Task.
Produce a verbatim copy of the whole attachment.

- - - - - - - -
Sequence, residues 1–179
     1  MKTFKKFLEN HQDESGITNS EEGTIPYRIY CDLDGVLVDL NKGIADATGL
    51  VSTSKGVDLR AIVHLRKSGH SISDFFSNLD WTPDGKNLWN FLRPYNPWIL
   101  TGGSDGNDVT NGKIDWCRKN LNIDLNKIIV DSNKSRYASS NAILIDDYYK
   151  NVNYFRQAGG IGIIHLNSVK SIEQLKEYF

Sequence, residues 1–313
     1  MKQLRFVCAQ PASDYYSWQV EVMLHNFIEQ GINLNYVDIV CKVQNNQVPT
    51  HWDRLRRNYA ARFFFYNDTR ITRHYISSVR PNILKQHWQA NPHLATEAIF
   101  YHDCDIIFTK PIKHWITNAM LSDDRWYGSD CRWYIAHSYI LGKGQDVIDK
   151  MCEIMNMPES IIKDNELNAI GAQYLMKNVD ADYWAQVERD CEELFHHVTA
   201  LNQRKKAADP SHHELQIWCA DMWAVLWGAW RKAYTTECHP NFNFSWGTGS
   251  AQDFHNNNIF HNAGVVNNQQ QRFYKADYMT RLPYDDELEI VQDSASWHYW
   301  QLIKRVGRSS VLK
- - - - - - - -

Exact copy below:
Sequence, residues 1–179
     1  MKTFKKFLEN HQDESGITNS EEGTIPYRIY CDLDGVLVDL NKGIADATGL
    51  VSTSKGVDLR AIVHLRKSGH SISDFFSNLD WTPDGKNLWN FLRPYNPWIL
   101  TGGSDGNDVT NGKIDWCRKN LNIDLNKIIV DSNKSRYASS NAILIDDYYK
   151  NVNYFRQAGG IGIIHLNSVK SIEQLKEYF

Sequence, residues 1–313
     1  MKQLRFVCAQ PASDYYSWQV EVMLHNFIEQ GINLNYVDIV CKVQNNQVPT
    51  HWDRLRRNYA ARFFFYNDTR ITRHYISSVR PNILKQHWQA NPHLATEAIF
   101  YHDCDIIFTK PIKHWITNAM LSDDRWYGSD CRWYIAHSYI LGKGQDVIDK
   151  MCEIMNMPES IIKDNELNAI GAQYLMKNVD ADYWAQVERD CEELFHHVTA
   201  LNQRKKAADP SHHELQIWCA DMWAVLWGAW RKAYTTECHP NFNFSWGTGS
   251  AQDFHNNNIF HNAGVVNNQQ QRFYKADYMT RLPYDDELEI VQDSASWHYW
   301  QLIKRVGRSS VLK